Currently in beta and set to launch as a free-to-play title in 2018, Dauntless is a cooperative action-RPG that has you and your friends venturing throughout the Shattered Isles to hunt Behemoths; massive, ferocious creatures that draw aether from the land, destroying it in the process.

Dauntless breaks from roleplaying traditions by not only removing classes, but levels as well. Instead, both your abilities and your prowess as a hunter are tied to your gear, crafted from the spoils of battle and heavily customized to forge your own unique identity.

As Executive Producer and Phoenix Labs Co-Founder Jesse Houston explains, Dauntless was created to be a long-lasting social experience; a world in which players can feel connections to their characters beyond stats, and friendships run deeper than just sharing a guild name.

Tell us a little about the history of Phoenix Labs and how it came to be.

Robin Mayne, Sean Bender, and I all worked together at Riot Games on League of Legends. Prior to that, Robin and I were together at BioWare on the Mass Effect franchise. We've all been in the industry for a long time, but we've always worked for large teams and publishers.

We started Phoenix Labs to carve our own path in the games industry and build new and memorable gaming experiences. We believe that playing together is the best way to experience a game. We're dedicated to creating new and exciting gaming spaces for players to share together.

What inspired you to create Dauntless as your first project?

We knew that we wanted to establish a social experience — a game in which people could play together for years to come — before we even explored genre.

We chose PvE because we believe in the power of players collaborating and sharing victory. We landed on the concept for Dauntless because we wanted to innovate on a genre that we feel hasn't been heavily explored. A game like Dauntless doesn't quite exist yet. We want to take the great social experience of a modern MMORPG and bring to it the high-fidelity combat of the action-RPG space.

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Can you give us a quick overview of the combat system and why you chose this route?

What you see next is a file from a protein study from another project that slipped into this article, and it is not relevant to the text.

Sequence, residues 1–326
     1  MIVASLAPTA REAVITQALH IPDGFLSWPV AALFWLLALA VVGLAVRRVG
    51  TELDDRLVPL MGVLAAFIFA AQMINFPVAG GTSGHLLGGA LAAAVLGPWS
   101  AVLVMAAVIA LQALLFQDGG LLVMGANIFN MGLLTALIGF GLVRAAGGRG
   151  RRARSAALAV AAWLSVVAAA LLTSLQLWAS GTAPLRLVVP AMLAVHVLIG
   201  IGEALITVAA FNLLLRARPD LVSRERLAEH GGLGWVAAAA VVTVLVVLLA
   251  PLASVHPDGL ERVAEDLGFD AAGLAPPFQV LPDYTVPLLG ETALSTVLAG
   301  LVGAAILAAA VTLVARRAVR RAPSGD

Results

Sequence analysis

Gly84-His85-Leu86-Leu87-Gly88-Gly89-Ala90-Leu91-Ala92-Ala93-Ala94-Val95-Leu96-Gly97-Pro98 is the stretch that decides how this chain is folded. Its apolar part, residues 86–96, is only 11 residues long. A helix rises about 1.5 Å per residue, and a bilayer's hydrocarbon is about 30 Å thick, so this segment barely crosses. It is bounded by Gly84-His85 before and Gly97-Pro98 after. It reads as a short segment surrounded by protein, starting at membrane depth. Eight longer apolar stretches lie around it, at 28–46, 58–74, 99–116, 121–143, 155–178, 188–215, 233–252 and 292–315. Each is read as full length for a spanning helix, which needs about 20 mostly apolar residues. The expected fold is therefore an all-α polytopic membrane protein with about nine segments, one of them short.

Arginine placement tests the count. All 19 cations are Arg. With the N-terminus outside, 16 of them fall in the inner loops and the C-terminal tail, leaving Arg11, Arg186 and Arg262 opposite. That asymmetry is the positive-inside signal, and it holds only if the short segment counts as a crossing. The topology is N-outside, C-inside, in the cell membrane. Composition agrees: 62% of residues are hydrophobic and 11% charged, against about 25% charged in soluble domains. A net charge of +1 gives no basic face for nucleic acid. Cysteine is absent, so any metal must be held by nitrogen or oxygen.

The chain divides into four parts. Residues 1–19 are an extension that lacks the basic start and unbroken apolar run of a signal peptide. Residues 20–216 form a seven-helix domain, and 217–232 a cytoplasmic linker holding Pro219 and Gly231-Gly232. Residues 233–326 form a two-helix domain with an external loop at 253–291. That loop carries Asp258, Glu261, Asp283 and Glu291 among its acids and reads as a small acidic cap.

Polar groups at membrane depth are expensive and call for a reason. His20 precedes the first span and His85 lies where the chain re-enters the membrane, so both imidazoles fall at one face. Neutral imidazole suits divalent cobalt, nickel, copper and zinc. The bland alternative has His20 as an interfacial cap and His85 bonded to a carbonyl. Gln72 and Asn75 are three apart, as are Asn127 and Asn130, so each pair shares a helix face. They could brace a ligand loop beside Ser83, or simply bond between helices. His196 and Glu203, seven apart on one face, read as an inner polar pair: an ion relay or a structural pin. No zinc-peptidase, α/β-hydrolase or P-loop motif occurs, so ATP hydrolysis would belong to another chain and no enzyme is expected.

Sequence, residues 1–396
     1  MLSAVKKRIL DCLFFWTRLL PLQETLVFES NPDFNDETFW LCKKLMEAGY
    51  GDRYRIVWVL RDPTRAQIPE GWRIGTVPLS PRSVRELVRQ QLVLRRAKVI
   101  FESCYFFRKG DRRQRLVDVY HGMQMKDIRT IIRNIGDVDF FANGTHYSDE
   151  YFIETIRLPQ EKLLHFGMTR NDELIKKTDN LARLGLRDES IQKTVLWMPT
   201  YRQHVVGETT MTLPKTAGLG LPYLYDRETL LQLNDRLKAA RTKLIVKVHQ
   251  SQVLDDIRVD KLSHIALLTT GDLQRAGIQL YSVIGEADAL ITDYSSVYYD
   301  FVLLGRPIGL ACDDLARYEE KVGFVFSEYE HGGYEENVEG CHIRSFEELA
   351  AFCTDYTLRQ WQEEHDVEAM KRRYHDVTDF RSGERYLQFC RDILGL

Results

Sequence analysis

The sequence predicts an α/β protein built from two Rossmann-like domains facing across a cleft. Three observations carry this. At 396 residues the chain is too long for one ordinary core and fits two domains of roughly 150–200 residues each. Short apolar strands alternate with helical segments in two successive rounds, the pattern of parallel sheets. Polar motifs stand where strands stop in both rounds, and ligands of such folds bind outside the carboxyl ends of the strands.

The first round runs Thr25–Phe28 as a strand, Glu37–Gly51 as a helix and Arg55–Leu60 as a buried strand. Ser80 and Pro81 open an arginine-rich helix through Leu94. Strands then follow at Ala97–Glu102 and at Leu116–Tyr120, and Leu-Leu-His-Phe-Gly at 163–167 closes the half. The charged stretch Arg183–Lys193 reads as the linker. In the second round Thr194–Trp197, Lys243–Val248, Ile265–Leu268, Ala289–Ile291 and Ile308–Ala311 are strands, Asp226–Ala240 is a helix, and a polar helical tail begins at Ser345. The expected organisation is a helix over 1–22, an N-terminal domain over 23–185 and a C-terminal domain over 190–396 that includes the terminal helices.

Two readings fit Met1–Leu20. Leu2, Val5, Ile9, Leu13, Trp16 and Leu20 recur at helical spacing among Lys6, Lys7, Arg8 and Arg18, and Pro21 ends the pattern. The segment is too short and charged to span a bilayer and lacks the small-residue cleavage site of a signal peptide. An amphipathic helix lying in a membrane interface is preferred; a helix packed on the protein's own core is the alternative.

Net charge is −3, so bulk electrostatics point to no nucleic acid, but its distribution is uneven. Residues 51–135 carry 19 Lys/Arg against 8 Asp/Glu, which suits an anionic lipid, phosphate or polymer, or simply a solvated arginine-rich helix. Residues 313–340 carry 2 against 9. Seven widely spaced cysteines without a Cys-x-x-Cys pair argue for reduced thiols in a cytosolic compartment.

Combat in Dauntless is all about choice, whether it's the strategy behind picking your weapon and armour skills to best suit your playstyle, or tactical execution and split-second decision making in the heat of combat to survive.

Skill is a cornerstone of the Dauntless experience. Because Dauntless is challenging, every victory should feel rewarding and every defeat should still be visceral. You need to internalize the impact every sword swing, feel bones crunching every time your hammer makes contact. Whether it's an aggressive attack or a calculated dodge, every decision a player makes must feel responsive and tight. We often joke that button mashing is the fastest way to an early grave for any Slayer in Dauntless.

Instead of traditional levels and classes, character progression is dependent on a player's gear. Can you tell us a little about how this system works and the reasoning behind it?

Although progression and leveling are central to any RPG, we saw an opportunity to depart from traditional class systems and linear progression with Dauntless. While everyone has a preferred class (shout-out to my fellow WoW Shamans!), we wanted something more flexible. We expect players will spend hundreds of hours in the Shattered Isles and didn't want them locked into their first decision.

In Dauntless, changing your play style and capabilities is as easy as swapping gear. There's a fresh new experience behind every weapon, even if you've spent 50 hours with your love. Put down a hammer, pick up the Chain Blades, and you're ready to go.

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Character customization seems to be a major focus. In what ways can players create unique identities for themselves?

Dauntless is about forging your legend. This starts with character creation. We're trying a fresh take on how you realize your legend in Dauntless, starting with your ancestry and body type, then making that character your own through customizing facial features, hair, eyes, and the options you would expect of a 2017 RPG.

But, that's just the beginning. You'll unlock hundreds of weapons and armours as you progress through the story. Each is customizable with dyes, shaders, and tins, turning your kit into your calling card. Because gear is varied in both appearance and utility, we're offering a transmogrification system for players who don't want to compromise. Ultimately, we want every player to feel like the star of the show when they stroll through Ramsgate.

What sort of tactics will players need to employ to take down the Behemoths?